Monday, 19 January 2015

Neil Thomas One Hour Ancients


Hello everyone and Happy New Year!

Apologies for the prolonged absence, real life just seemed too hectic to keep up with blogging. I've actually got a lot of articles in stock, it is just a question of summoning the energy to actually type the words to go with the pictures. Anyway, here's another go for 2015.

We've recently been pretty excited by the various wargames rules produced by Neil Thomas, nice easy games very suitable for a club night and not too hard on the brain cells. His most recent publication is 'One Hour Wargames' which does what it says on the tin, very quick wargames rules covering everything from Ancients to WW2 and 30 canned scenarios to go with them.

Our first try out was with the Ancients set, although I couldn't resist fiddling slightly with the troop types so the Romans get 'Auxilia' instead of Warband as a secondary type. This matchup is Romans vs Carthaginians, and the scenario is a contested river crossing with two fords. Victory goes to the side who captures both crossings.


Mighty Romans, four units of Legionaries, one cavalry and one Auxilia.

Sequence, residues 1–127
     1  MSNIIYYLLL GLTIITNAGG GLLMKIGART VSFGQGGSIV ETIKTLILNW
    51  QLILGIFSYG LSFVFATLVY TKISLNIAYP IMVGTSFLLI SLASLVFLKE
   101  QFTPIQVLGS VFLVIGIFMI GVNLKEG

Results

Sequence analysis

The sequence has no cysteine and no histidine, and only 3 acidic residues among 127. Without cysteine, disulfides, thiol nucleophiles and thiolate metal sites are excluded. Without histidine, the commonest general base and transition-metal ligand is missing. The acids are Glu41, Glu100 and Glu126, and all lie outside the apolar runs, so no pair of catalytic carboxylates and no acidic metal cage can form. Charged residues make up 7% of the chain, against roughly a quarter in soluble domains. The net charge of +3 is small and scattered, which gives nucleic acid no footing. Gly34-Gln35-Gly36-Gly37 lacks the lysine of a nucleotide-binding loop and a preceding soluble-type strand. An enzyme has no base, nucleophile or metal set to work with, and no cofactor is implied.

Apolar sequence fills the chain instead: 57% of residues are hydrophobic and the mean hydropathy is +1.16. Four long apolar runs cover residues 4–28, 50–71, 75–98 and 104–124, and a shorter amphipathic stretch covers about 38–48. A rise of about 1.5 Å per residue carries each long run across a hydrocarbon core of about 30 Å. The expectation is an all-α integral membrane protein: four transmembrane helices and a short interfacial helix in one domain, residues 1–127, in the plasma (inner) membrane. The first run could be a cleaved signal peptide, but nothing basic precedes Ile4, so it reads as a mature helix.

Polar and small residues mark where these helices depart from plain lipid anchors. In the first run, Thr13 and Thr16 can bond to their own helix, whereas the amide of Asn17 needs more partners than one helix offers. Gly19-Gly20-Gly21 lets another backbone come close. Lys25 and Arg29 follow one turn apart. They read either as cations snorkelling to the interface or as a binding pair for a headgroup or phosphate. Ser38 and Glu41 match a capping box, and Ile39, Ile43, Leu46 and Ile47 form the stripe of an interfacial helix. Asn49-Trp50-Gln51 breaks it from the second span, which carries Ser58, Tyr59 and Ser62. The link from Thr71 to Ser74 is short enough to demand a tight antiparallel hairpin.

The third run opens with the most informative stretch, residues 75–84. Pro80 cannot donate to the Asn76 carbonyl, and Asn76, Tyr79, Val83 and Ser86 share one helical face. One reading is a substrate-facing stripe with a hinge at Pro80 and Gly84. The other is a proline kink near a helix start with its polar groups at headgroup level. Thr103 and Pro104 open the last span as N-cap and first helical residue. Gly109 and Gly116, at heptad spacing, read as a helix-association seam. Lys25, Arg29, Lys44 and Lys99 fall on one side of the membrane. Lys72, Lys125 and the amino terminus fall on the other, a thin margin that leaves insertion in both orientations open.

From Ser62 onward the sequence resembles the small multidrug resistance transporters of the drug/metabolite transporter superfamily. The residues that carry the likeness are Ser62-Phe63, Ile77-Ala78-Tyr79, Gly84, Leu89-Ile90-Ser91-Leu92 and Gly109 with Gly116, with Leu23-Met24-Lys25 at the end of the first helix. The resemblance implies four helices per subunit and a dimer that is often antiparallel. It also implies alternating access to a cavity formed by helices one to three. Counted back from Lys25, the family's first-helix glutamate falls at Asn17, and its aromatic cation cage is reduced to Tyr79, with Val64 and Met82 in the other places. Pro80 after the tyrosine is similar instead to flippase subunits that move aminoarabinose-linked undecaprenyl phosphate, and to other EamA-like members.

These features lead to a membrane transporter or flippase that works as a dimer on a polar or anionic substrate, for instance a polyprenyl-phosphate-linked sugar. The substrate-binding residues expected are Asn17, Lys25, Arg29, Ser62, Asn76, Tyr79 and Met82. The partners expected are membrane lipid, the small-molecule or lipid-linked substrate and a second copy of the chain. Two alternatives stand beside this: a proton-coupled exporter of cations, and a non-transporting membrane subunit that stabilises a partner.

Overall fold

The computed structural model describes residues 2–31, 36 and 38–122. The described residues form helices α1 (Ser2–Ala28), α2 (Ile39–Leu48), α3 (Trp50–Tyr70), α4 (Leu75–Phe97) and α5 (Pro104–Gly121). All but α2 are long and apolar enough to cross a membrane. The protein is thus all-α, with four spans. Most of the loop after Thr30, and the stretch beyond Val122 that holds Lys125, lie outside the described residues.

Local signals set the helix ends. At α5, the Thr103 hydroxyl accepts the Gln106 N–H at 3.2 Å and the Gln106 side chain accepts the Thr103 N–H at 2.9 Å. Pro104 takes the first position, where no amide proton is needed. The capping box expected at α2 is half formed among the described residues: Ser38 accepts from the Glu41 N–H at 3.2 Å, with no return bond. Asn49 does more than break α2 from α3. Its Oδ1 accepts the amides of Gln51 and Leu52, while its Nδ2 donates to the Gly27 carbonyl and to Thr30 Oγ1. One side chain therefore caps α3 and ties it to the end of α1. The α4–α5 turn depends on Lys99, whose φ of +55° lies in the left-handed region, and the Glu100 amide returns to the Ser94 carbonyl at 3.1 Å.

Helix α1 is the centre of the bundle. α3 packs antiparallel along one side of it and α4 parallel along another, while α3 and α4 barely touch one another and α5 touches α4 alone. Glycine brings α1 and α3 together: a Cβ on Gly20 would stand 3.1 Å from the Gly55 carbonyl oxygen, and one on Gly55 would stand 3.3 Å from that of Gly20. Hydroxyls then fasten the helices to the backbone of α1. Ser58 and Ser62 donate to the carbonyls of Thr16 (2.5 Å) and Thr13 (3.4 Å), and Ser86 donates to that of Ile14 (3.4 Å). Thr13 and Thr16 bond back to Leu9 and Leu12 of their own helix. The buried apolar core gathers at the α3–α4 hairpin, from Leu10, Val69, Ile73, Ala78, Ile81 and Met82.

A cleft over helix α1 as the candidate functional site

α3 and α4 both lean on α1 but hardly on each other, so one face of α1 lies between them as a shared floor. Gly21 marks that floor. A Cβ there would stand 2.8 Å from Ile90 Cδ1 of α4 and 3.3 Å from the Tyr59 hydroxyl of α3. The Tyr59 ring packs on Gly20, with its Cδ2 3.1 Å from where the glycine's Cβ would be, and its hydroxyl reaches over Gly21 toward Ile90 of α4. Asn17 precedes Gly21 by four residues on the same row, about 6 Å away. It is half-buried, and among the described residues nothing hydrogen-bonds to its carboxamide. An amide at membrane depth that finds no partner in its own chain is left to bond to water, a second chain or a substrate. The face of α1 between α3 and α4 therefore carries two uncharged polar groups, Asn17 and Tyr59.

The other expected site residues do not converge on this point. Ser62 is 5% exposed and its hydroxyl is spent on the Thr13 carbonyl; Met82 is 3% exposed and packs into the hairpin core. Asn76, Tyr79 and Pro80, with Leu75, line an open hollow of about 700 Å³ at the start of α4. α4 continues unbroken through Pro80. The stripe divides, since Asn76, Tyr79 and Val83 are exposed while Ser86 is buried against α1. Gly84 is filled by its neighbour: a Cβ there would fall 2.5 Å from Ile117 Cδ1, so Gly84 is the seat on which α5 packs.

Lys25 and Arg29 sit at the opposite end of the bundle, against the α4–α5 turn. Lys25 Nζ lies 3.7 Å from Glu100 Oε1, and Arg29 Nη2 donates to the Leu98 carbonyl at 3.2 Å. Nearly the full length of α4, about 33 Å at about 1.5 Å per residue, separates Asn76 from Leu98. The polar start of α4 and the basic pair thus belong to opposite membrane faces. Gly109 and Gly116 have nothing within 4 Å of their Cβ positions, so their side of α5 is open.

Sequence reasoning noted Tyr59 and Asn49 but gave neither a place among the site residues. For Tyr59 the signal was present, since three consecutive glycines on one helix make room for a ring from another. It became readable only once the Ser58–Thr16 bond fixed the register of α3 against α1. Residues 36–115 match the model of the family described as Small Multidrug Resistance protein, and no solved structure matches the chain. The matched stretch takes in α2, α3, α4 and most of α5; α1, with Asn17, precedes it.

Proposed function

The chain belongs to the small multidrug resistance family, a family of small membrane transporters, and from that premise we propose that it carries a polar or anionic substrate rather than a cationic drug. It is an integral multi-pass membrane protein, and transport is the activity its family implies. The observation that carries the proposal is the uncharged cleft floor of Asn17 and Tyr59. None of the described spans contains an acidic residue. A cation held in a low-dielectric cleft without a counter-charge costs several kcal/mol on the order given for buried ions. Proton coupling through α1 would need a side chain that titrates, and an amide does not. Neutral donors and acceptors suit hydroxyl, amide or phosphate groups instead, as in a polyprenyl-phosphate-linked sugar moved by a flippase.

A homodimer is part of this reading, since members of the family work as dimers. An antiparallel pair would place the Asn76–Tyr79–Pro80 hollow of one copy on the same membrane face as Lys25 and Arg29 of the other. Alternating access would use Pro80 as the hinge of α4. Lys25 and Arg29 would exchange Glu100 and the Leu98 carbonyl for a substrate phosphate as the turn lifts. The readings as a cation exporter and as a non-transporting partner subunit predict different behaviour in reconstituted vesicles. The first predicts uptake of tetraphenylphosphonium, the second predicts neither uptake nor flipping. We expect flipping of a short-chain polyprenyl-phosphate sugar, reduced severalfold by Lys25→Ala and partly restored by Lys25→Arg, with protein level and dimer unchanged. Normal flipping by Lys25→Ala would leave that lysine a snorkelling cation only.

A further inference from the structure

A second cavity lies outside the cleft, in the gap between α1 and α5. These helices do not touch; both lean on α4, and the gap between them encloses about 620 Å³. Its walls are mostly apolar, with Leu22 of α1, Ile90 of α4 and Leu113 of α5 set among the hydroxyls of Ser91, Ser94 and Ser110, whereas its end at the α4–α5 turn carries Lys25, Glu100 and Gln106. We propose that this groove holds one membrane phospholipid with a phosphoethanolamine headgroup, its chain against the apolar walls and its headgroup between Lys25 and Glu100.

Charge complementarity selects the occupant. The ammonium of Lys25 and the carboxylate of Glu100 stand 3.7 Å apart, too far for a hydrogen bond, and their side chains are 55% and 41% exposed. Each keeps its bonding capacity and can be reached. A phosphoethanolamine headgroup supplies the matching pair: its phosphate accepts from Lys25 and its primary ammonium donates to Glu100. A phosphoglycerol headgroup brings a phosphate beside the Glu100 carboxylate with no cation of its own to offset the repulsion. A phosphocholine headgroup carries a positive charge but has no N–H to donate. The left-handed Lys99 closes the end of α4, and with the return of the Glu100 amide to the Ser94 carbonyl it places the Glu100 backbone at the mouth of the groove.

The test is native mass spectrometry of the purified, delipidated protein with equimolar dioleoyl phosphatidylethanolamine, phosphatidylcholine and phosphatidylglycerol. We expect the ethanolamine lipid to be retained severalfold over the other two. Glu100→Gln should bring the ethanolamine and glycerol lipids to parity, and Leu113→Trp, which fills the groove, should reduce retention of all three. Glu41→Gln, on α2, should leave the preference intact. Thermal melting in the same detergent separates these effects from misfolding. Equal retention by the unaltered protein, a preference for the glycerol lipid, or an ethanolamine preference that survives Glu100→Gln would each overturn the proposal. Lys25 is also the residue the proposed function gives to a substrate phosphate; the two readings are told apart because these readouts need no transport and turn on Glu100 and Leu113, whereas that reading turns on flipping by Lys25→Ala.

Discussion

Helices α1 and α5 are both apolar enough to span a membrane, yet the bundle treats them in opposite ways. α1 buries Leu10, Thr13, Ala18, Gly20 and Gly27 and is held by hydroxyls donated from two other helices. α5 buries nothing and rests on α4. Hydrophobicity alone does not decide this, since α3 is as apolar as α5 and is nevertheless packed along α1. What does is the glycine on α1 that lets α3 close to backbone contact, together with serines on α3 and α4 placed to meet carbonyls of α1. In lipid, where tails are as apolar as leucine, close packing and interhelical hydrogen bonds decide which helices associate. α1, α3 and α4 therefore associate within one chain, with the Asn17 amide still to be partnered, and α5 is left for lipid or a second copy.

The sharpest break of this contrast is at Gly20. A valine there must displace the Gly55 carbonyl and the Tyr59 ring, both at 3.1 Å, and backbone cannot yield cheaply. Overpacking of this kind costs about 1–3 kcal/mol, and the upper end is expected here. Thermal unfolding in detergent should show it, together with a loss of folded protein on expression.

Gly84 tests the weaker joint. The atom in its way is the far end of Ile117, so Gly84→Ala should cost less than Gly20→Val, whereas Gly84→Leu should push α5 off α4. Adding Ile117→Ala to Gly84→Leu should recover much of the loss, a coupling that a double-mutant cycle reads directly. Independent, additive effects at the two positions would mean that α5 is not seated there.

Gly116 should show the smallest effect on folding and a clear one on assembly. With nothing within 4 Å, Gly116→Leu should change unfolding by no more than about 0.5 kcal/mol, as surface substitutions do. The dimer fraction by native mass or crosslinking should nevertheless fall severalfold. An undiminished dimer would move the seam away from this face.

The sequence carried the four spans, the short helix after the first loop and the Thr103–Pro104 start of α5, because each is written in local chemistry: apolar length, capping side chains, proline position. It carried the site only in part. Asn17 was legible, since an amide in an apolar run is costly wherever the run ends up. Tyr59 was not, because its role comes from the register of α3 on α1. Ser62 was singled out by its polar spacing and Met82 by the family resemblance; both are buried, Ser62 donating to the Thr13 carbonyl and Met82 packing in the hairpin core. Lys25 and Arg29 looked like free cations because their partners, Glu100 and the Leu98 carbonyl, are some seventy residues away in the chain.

Carthaginians, three heavy infantry, one warband and two light infantry.


Roman cavary dash across the first ford in a heroic delaying action.



Everyone else lines up menacingly opposite the other ford.

Romans race to rescue the cavalry, who are having the worst of it 

But too late, the cavalry die leaving a sad pile of casualty markers behind. Units are destroyed when they take 15 hits.


Carthos push across the ford to the south.


And the Romans get stuck in at the other end.


Losses mount

And in the north




But the Romans are finally victorious in the south


While the bloodbath in the north continues

The Romans from the south move to aid their comrades




Arriving just in time

And finally a hard won victory.
This was really good fun. The rules were so simple you could focus on the tactical complications of the scenario. The cumulative damage model led to some nail biting engagements, and the small number of units meant commanders were forced to make real choices about commitment of forces in different sectors. The only real criticism were that the rules are so short for each period, that much is left unexplained (particularly wrt flank/rear attacks) and I ended up drawing guidance from his fuller rule sets as to the possible intention. We've also played the Napoleonic version and I adapted the WW1 set to use for the Spanish Civil War (which sadly I didn't take any photos of).


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